Cafe stalwart Marshall Scott gives his impressions on the conversation yesterday morning on B033 in the House of Deputies:
So, what strikes me is the continuing passion, the audible pain and anxiety that were quite clear. Many speak of sacrifice – of the sacrifice of people, the sacrifice of relationships, the sacrifice of the Communion. Many speak of cost – of cost in lives, of cost in relationships, of cost in ministries and vocations lost. No one speaking – no one – is casual, and no one is dismissive. Of course, the pain being what it is, I don’t know that those most engaged don’t still feel dismissed. I rather expect they do.
In this video introduced by Heidi Shott, Joe Delafield, chancellor of the Diocese of Maine.explains the revisions to the church’s disciplinary canons, and why he likes them.
And don’t miss Bonnie Anderson’s sermon from yesterday’s Eucharist..
Bonnie Anderson’s sermon
[July 10, 2009] The following is the sermon preached by Episcopal Church President of the House of Deputies Bonnie Anderson on July 10 during Eucharist at the Church’s 76th General Convention. (Video will be available on the Media Hub, http://gchub.episcopalchurch.org/)
76th General Convention
President of the House of Deputies, Bonnie Anderson, D.D.
Sermon for community worship
July 10, 2009
A fan once asked Louis Armstrong, commonly known as Satchmo, “Pops, what is jazz?” His answer first came in that gentle smile and then this penetrating response, “Man, if you gotta ask, you’ll never know.”
The same can be said for unity. It would go like this. “Pops, what is unity?” “Man, if you gotta ask, you’ll never know.” In other words, you know it when you see it.
When you experience unity you know it because of how it makes you FEEL. The expression of unity, of interwoven community in Christ, is a powerful experience – difficult to describe in concept, but recognizable by the dynamic effects on our hearts when we touch it and we see it and we live it.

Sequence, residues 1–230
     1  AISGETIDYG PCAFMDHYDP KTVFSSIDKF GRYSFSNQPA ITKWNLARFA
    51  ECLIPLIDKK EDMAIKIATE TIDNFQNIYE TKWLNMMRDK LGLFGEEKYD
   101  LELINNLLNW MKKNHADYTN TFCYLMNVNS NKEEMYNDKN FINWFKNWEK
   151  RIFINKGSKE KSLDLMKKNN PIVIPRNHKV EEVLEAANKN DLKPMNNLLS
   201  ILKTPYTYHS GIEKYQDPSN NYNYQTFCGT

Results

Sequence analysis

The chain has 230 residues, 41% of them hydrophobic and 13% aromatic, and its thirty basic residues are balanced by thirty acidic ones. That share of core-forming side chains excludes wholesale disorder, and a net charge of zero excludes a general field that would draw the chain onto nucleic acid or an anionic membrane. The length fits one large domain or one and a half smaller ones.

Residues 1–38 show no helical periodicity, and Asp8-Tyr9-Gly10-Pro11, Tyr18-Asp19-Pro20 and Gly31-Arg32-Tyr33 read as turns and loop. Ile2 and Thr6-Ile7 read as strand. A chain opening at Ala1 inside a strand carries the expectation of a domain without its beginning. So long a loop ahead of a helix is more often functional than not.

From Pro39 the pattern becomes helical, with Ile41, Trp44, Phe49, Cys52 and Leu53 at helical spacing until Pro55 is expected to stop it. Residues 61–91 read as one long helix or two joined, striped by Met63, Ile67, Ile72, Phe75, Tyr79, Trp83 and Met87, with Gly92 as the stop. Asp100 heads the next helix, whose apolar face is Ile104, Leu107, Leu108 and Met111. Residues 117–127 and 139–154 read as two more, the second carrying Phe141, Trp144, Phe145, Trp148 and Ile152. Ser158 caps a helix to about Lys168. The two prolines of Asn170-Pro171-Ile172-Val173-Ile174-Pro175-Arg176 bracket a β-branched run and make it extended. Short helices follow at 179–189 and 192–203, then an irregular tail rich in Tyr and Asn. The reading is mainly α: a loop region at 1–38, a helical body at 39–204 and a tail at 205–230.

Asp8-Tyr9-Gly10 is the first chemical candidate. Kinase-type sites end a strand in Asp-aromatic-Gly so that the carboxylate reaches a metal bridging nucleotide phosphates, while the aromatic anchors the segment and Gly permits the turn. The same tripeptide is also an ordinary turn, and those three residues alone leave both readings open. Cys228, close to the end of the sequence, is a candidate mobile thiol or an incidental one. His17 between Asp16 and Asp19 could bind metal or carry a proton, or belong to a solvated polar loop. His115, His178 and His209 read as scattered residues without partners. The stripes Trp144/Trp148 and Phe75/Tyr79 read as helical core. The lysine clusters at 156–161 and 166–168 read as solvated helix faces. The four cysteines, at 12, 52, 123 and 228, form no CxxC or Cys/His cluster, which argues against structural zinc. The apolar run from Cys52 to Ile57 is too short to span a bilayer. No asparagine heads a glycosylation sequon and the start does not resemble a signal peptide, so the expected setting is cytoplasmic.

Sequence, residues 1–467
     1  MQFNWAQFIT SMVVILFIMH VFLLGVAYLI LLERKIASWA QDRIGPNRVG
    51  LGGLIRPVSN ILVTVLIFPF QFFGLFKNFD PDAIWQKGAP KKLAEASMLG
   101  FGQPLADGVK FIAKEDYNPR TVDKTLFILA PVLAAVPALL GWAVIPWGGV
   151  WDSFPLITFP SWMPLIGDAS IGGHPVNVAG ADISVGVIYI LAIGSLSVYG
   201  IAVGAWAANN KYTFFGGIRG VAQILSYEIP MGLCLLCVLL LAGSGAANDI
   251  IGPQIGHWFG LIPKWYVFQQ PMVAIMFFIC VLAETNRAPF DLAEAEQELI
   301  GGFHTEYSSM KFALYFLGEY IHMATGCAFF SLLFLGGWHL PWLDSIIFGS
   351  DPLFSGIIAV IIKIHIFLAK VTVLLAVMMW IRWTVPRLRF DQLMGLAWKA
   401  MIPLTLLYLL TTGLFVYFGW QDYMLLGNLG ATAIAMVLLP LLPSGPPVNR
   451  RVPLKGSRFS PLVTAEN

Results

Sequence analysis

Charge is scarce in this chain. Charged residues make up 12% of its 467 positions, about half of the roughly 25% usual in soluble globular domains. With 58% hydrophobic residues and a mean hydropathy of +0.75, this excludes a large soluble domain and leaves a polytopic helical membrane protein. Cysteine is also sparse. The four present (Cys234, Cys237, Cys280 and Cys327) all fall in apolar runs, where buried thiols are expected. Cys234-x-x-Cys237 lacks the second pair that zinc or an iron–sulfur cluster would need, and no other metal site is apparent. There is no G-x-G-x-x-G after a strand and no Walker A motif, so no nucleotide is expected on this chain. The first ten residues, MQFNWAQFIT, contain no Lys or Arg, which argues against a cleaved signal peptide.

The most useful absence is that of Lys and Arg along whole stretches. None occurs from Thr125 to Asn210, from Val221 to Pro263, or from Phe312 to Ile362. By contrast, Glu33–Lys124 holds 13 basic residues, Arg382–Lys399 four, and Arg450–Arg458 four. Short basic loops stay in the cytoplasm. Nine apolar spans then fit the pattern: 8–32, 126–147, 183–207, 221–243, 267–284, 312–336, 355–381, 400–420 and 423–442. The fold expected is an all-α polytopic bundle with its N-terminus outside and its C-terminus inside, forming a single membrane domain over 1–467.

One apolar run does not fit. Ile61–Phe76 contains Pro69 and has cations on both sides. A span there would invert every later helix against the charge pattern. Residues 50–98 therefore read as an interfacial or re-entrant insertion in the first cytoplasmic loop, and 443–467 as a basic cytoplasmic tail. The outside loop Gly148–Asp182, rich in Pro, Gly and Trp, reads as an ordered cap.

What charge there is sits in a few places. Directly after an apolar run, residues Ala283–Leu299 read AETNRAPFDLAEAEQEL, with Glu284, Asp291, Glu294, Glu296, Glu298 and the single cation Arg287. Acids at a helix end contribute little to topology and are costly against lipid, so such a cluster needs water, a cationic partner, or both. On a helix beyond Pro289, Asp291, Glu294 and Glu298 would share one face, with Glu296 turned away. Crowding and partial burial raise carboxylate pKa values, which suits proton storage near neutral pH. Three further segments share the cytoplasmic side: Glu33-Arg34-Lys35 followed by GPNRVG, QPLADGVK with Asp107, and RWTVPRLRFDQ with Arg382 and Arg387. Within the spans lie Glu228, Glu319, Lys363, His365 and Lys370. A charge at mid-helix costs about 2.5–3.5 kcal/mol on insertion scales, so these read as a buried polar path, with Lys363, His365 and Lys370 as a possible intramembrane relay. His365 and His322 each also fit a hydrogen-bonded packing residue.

To me, unity is about the experience of being transformed in community. Unity is not about getting along, though that would be nice from time to time. It is not about the absence of conflict or the unattainable expectation that we can all believe exactly the same thing, except, of course, in our beloved Jesus Christ. Unity is not about “buying the world a Coke” or teaching the world to sing. And I don’t believe that unity is a state of being, some utopian community for us to construct and achieve. To me, unity is a spiritual practice – something we need to first understand and second, spend our lives trying to do. Unity is an action, an intention, something we practice over and over and over again in faithfulness to God. The Good News here is that the practice of unity has tremendous potential for transformation – unity, if it is unity, can change us, enlighten us, enlarge our perspectives and our experiences, and bring us closer to God. Unity is about inviting others to be in community with us with the hope and expectation that as we do this, we will be changed by the people who we invite to join us.
And we are called to understand and practice unity in this way. In this morning’s Gospel, Jesus responds to the lawyer’s question about how to inherit eternal life with a simple response: love God and love God by loving your neighbor. What this tells us is that loving God is inherently relational – it is not contained to an individual transaction between individual and God, but requires an intentional connectivity to other people through which we allow ourselves to be changed.
Let me give you a couple of examples of what I mean.
A friend of mine wrote her master’s thesis about the healing miracles in Luke’s Gospel. Her thesis argument was that while Jesus was curing the ailments of the outcasts – the blind, the crippled, the scorned – he was also curing the community by restoring the outcast to them. Jesus was healing both the person and the community. Present in Luke’s miracle stories is almost always three characters: the outcast, Jesus, and the crowd. And we so often overlook the crowd as a main character in these stories. But my friend’s point was that the crowd is not there as innocent bystanders but actually the essential focus of the healing miracle. Jesus was ministering to the community by restoring the outcast to it. A community is only as good, only as capable, only as centered and wise as the people that populate it. When a community invites the outcast in, it is the community itself that benefits the most. For by bringing in the outcast or the outsider, the community gains for itself new perspective, a fresh witness of how God works in the world, new ideas, a new voice, new wisdom, and the possibility of passion and energy and sometimes even quirkiness. I can just imagine the blind man or the leper newly healed, newly restored to the community watching Jesus and his disciples walk away down that dusty road and turning to the crowd and saying, “Let’s go inside and I will tell you all about my experience of the living God.” And together they walk back into town, expectant that the exchange of stories and experiences they will be changed, they will be united, in that exchange they will never be the same.